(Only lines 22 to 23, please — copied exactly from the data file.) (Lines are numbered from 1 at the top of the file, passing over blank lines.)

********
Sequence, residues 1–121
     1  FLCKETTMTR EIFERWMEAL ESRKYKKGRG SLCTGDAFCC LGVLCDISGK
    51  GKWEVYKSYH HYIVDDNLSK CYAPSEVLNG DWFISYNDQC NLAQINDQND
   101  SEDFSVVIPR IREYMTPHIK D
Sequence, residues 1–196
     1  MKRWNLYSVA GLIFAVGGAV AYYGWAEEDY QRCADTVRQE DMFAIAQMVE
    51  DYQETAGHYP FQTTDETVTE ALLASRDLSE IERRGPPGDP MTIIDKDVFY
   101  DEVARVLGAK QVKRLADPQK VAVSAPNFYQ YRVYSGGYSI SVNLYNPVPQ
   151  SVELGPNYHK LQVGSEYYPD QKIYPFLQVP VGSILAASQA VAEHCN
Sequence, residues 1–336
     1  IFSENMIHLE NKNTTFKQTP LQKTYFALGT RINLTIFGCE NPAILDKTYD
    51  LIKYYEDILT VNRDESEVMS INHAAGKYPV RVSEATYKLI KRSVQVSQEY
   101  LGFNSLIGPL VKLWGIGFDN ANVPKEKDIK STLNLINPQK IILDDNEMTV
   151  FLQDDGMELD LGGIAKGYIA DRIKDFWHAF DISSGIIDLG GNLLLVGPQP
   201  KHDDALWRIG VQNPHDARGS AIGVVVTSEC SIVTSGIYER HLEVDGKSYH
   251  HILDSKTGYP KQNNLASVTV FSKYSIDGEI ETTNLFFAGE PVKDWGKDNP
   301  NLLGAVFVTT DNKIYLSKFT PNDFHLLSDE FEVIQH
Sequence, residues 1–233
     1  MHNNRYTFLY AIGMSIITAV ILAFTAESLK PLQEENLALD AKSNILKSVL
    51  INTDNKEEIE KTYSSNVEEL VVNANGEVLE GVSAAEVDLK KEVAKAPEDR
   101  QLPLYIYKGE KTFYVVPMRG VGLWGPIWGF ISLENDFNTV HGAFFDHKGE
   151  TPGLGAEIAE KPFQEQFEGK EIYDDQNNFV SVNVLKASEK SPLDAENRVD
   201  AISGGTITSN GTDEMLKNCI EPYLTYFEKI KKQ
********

   151  TPGLGAEIAE KPFQEQFEGK EIYDDQNNFV SVNVLKASEK SPLDAENRVD
   201  AISGGTITSN GTDEMLKNCI EPYLTYFEKI KKQ